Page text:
Let’s look at how our interaction and motivation with the bicycle exist or change during our lifetime. Are you ready for a trip down memory lane or to glimpse into the future?
The early years
Every child dreams of getting a bicycle. How many of us saw a bike in the local shop window and immediately fell in love? If you were lucky, your parents picked up on your interest and treated you to it for a birthday, holiday or special occasion.
When you’re a kid, a bike is your first taste of freedom and independence. The chance for liberty using your legs and a set of wheels. Be it riding ahead of your parents at the local park or meeting up with neighbourhood friends to cruise around in the warm sun without a care in the world.
Whether getting to work, practice, school, shopping or a friend’s house, a bike is your mode of transportation. You don’t have a driver’s licence yet or don’t plan on ever getting one. Your bike serves you just fine; you prefer it.
Using a bike as transportation isn’t limited to a particular moment in your life. It’s a deliberate choice and something many cyclists do, even after getting a driver’s licence and a car. Is there a better, healthier, and greener way for someone to get where they need to go?
A friend from work invites you to join them on a weekend group ride and lends you one of their bikes. A group ride? What’s that? You don’t know exactly but are about to find out. One ride and you’re hooked. You’re soon creating lifetime friends and have a new social circle around the bike.
Friends motivate you to get out and ride. You’re getting fit while having fun and look forward to pedalling with your friends at every opportunity. You may even meet your future significant other. Coffee stops with a delicious and guilt-free sweet pastry are a highlight of the ride, not to mention sharing a few of your favourite beverages post-ride as you swap stories.
Ready for a new challenge
You’ve invested in your own bike to ride with friends but are craving a new challenge. Road racing on TV looks intriguing and you decide to give it a go. But how? Luckily, a cycling buddy already competing in the local scene shows you the ropes and gets you registered for your first event.
There is a lot to discover at this stage, and the learning curve is steep. You realise there is a lot more to it than just pedalling hard to stay with the pack. The pros make it look so easy. But you’ve got the bug and want to see how far you can take it. You’re already signed up for the next event.
It’s time to step up your game. You’re ready to prove to yourself and others what you can do physically on a bike. That means finding the right training program or coach to help you accomplish your goals. But what kind of rider are you? You aren’t sure yet but you know you love to climb.
That competitive spirit can be visceral and push a rider for years. And for most of us, that spark never completely goes away. There’s something inside you that compels you to keep turning the cranks through the pain. You spend hours on the bike to be ready for the next event or capture the local KOM for the bragging rights.
Have you thought about working in the cycling industry? It’s a natural progression for many cyclists who can’t get enough of their two-wheeled friends. You apply to the massive global brands or stay local. Being involved in the racing or regional event scene is terrific for meeting folks already working for a favourite brand. A personal reference can open doors.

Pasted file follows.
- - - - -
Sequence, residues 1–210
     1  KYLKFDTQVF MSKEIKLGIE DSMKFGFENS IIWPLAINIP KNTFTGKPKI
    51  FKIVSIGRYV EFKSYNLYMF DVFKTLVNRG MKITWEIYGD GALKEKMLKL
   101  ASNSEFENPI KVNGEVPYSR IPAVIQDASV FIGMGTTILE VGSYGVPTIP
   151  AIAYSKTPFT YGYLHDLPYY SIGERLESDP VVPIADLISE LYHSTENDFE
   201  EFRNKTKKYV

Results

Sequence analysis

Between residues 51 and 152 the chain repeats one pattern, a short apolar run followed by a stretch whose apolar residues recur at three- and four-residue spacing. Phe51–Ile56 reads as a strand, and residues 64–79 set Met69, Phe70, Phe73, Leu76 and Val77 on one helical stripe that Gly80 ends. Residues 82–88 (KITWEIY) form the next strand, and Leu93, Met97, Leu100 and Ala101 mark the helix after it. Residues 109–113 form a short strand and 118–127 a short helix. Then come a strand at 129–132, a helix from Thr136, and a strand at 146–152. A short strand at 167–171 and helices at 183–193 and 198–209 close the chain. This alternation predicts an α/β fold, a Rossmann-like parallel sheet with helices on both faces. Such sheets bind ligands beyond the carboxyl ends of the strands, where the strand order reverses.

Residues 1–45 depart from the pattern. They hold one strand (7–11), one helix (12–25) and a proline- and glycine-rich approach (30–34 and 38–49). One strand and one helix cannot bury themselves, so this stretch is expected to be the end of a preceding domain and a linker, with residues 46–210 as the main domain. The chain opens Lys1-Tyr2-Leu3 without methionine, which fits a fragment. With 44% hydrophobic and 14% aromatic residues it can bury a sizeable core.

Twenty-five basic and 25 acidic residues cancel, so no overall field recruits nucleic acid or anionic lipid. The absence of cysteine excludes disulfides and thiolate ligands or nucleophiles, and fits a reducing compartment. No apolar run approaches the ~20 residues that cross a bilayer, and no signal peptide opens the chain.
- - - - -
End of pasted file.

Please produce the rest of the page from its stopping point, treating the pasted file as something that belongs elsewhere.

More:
Cycling companies, particularly large ones, need graphic artists, inside salespeople, marketing and promotional staff, engineers, a communications team, and more. There are fewer prized jobs but you have to start somewhere. You want to combine your love of bicycles with your work. And the daily lunch ride keeps you fit. If a 9-to-5 office job isn’t for you, outside sales is an option or consider becoming a cycling guide.
Health and stress reduction
It’s never too late to get on a bike. And riding is an excellent way to improve your health and reduce stress. Some time away from the merry-go-round of life is exactly what you need. Rides on peaceful, lush country roads and trails lined with trees and magnificent green landscapes are ideal. There are more than you think in less than an hour from your home.
Exercise stimulates immune cells in your body to ward off illness and releases dopamine in our brains, which makes us feel good and more relaxed. It only takes about 20 miles a week to feel the benefits and reduce our chances of heart and other chronic diseases. Getting into shape, a positive outlook, and prolonged life are your rewards. Your doctor will congratulate you on your next check-up.
And, thanks to e-bikes, you start out slowly to reap the benefits of exercise and improve your health. You can always progress from an electric to a pedal bike as you get fitter. E-bikes have opened the sport to new populations and welcomed the return of former cyclists who suffer from persistent injury or illness. Keeping up with their riding buddies anew is the best medication.
Strictly for fun
Cycling is fun at every age. And there are plenty of cycling-related activities and events with no aim other than having fun riding bikes with like-minded people. Local gravel rides, charity events and Gran Fondos are just a few examples. Is there a better way to challenge yourself, discover your surroundings or explore unfamiliar terrain than by bicycle? I don’t think so.
Former competitors may not be as young or strong on the bike as they used to but the desire lives on. Today, you ride for pleasure in favourable weather. But memories and pride don’t let us forget the past and push us to catch the rider that passed us on the hill or blew by on the flats; a perfectly healthy response for any cyclist.
What is your reason for cycling at this point in your life? How has it changed and why? We want to hear from you!